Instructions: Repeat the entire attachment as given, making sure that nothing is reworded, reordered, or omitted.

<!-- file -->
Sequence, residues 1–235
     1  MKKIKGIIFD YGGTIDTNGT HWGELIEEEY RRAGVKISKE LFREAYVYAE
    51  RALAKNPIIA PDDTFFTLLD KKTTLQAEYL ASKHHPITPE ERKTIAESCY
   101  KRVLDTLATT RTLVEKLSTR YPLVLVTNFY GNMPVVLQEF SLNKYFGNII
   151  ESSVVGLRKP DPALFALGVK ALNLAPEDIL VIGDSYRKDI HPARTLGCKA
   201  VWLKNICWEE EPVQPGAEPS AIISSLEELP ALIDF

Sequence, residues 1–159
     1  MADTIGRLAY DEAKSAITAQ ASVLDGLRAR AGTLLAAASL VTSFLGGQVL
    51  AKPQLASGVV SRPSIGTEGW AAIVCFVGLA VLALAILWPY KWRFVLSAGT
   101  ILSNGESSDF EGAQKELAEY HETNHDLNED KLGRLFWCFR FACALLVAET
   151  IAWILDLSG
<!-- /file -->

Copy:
Sequence, residues 1–235
     1  MKKIKGIIFD YGGTIDTNGT HWGELIEEEY RRAGVKISKE LFREAYVYAE
    51  RALAKNPIIA PDDTFFTLLD KKTTLQAEYL ASKHHPITPE ERKTIAESCY
   101  KRVLDTLATT RTLVEKLSTR YPLVLVTNFY GNMPVVLQEF SLNKYFGNII
   151  ESSVVGLRKP DPALFALGVK ALNLAPEDIL VIGDSYRKDI HPARTLGCKA
   201  VWLKNICWEE EPVQPGAEPS AIISSLEELP ALIDF

Sequence, residues 1–159
     1  MADTIGRLAY DEAKSAITAQ ASVLDGLRAR AGTLLAAASL VTSFLGGQVL
    51  AKPQLASGVV SRPSIGTEGW AAIVCFVGLA VLALAILWPY KWRFVLSAGT
   101  ILSNGESSDF EGAQKELAEY HETNHDLNED KLGRLFWCFR FACALLVAET
   151  IAWILDLSG